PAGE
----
I’ll begin this conversation by saying that I am human, Igbo and Nigerian. I became a human being at birth. Then my cultural environment made me onye Igbo next and then subsequently, Nigerian. In other words, my humanity was first established before my identity. Through my humanity I share a kinship with the human race. I share the emotions, the panic attacks, the thirst for success and the fear of failure that plague mankind. My story is not a unique story. It is similar to your story.
Why then, is it difficult to love someone who looks like us? How do we find it within our frame of reference to love ourselves but hate our neighbours? Why is it difficult for us to build a country where justice and fairness will reign? Think about this.
It is heartbreaking to realise that 60 years after Independence, Nigeria has yet to win the genuine love and affection of her citizens. If there is one thing that Nigerians agree on regardless of tribe or religion, it is the belief that Nigeria has failed us all. I don’t know how that notion sprang up but many Nigerians believe their lives should all have been richer but for Nigeria. We are obviously the only people on the plant whose country chose to stand in the way of their progress. How true is that?
But I think I should say this. Nigeria did not fail us. We failed ourselves. We failed Nigeria!
These are my reasons for coming to this conclusion. The vast geography known today as Nigeria was not a wasteland of before the colonial masters came. Iron smelting was going on in Lejja, Nsukka in 2000 BC. The Nok Culture in todday’s North Central Nigeria dates back to 1500 BC. These civilizations predate much of the world’s earliest known civilizations. After them came the great Kingdom of Nri and the legendary empires of Kanem Bornu, Bini and Ife. All these civilizations were flourishing long before the white man came. They had splendor. They had beauty and they had aesthetics. They were clearly ahead of their time.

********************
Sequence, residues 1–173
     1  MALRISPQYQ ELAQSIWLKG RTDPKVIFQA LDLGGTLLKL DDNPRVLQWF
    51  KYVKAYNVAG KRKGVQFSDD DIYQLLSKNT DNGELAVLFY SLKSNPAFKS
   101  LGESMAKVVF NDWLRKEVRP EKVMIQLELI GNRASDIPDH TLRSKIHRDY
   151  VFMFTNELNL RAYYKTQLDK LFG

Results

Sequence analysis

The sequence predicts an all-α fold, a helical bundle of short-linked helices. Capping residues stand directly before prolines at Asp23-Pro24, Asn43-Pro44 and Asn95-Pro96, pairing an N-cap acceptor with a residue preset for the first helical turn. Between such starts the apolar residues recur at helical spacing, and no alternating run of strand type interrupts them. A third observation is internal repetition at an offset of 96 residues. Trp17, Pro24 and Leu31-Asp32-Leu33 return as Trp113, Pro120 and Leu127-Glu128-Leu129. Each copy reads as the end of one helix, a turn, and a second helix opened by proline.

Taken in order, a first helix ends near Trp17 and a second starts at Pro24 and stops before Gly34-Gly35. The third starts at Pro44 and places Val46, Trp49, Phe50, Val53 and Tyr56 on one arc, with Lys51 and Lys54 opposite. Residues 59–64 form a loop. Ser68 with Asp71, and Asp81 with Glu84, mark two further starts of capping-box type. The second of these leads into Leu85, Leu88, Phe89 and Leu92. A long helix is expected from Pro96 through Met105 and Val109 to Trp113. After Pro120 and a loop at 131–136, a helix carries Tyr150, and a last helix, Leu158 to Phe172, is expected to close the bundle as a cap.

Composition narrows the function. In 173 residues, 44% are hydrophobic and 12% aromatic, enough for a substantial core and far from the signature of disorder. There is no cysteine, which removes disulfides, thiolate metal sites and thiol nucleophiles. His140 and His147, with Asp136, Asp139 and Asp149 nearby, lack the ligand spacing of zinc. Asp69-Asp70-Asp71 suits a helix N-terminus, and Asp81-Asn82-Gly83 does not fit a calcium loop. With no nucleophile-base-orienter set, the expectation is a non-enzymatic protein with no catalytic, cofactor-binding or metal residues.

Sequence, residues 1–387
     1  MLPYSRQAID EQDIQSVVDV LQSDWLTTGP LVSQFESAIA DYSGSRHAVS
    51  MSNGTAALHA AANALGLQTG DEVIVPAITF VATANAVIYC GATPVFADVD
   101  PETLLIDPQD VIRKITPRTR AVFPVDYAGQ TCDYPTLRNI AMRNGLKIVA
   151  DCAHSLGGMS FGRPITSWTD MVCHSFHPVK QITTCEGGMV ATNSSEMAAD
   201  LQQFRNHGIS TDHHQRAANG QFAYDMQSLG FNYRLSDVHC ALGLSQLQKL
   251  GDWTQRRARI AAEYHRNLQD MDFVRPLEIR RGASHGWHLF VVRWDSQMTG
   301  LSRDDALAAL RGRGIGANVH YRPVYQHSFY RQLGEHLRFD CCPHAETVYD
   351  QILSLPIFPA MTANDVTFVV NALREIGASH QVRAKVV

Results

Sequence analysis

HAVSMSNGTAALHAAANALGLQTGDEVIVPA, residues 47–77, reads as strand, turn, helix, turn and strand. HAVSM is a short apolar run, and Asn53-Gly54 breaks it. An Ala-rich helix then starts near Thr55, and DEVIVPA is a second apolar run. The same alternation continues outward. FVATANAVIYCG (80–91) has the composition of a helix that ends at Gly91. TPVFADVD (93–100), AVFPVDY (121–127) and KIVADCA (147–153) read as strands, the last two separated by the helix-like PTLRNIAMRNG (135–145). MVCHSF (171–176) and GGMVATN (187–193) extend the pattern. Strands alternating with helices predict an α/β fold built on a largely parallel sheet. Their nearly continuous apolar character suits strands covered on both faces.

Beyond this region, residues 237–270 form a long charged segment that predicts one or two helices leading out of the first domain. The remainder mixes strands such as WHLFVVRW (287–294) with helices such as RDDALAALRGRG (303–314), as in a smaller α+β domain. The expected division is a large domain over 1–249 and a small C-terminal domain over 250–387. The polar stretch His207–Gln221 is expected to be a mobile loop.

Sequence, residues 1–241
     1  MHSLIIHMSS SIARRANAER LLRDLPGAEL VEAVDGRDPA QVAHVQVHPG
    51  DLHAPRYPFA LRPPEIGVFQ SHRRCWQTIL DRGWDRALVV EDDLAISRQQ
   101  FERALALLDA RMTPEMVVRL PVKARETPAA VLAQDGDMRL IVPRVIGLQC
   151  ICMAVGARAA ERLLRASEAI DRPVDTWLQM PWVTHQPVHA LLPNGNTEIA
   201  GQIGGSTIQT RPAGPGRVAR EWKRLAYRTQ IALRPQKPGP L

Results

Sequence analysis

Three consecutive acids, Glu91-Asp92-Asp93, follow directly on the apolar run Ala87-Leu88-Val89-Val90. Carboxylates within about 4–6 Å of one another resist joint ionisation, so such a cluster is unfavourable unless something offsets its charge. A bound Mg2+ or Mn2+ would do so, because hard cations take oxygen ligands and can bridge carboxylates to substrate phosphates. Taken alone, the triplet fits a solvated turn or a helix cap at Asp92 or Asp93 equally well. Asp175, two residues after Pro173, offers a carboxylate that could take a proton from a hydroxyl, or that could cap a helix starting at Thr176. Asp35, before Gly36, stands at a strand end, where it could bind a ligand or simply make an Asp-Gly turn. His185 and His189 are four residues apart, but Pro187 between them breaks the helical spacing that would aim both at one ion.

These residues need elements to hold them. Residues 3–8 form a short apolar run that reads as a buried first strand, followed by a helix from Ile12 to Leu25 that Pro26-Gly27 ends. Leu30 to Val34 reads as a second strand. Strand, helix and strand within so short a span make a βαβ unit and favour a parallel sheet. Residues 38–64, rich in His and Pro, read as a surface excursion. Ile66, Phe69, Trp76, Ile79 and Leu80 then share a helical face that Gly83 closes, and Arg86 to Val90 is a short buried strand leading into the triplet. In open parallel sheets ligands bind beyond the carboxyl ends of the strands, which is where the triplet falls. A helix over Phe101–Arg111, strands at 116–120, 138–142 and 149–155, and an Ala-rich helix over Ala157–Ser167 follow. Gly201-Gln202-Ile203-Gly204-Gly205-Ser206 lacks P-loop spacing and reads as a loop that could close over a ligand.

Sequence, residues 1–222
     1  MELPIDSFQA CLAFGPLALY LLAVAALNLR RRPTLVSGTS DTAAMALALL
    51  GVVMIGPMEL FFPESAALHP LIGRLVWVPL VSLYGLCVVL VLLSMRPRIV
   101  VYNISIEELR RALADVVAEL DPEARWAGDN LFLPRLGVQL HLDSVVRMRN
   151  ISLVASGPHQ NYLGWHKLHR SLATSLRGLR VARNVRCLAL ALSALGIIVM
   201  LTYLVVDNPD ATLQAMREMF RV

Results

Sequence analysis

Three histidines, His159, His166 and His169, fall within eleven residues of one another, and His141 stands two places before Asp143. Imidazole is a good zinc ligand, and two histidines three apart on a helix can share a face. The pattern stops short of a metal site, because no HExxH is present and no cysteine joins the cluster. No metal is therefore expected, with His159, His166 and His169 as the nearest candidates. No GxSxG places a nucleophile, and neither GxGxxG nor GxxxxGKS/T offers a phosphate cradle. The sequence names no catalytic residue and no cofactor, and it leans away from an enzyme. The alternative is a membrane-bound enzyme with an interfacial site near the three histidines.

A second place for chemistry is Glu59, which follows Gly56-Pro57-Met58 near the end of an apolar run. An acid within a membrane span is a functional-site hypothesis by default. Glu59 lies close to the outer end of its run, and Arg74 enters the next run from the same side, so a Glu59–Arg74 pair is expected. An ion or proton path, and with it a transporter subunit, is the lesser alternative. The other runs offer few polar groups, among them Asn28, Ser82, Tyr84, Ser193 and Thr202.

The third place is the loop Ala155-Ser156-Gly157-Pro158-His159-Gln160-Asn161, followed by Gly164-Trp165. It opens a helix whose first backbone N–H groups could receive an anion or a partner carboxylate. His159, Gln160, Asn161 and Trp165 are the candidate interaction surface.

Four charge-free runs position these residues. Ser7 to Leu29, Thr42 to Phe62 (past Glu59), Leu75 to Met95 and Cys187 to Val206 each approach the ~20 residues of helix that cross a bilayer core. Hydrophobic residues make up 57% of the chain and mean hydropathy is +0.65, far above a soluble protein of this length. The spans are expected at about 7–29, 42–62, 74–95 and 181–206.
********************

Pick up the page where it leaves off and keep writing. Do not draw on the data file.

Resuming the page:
Now, how can anyone explain that the heirs to these wondrous civilizations do not have what it takes to build Nigeria in the 21st Century? How can we explain that with all the advancement in western education and the dismantling of primitive fears and superstitions by science, the people whose ancestors built those great empires have failed to create a functional society for themselves? Once again I say, Nigeria did not fail us. We failed Nigeria!
Quite often, the argument is that Nigeria is a British enterprise created for the interest of Britain. That is a sound argument, isn’t it? The question is ‘what would our empire-building ancestors have done if they were confronted with this dilemma? I am sure that being practical minded; they would have sat down together and negotiated a peaceful co-existence for all parties. Isn’t it clear that the children of Mai Idris Aloma, the children of Oba Ozolua who won 200 battles and the children of Ahibi Ugbabe who was the first female King in Igboland have failed their ancestors?
So, what shall we do now? I have heard some folks argue that the best option for young Nigerians is to look for a place where the grass is greener. But the outcome of the US Presidential Election last night has shown that when the grass turns brown in your garden, you spring up with determination and return it to green. In four years of Donald Trump, America almost made the list of the world’s shit-hole countries. It took the collective resolve of Americans to mount the struggle to give their country another chance. Can we give Nigeria her first chance, please?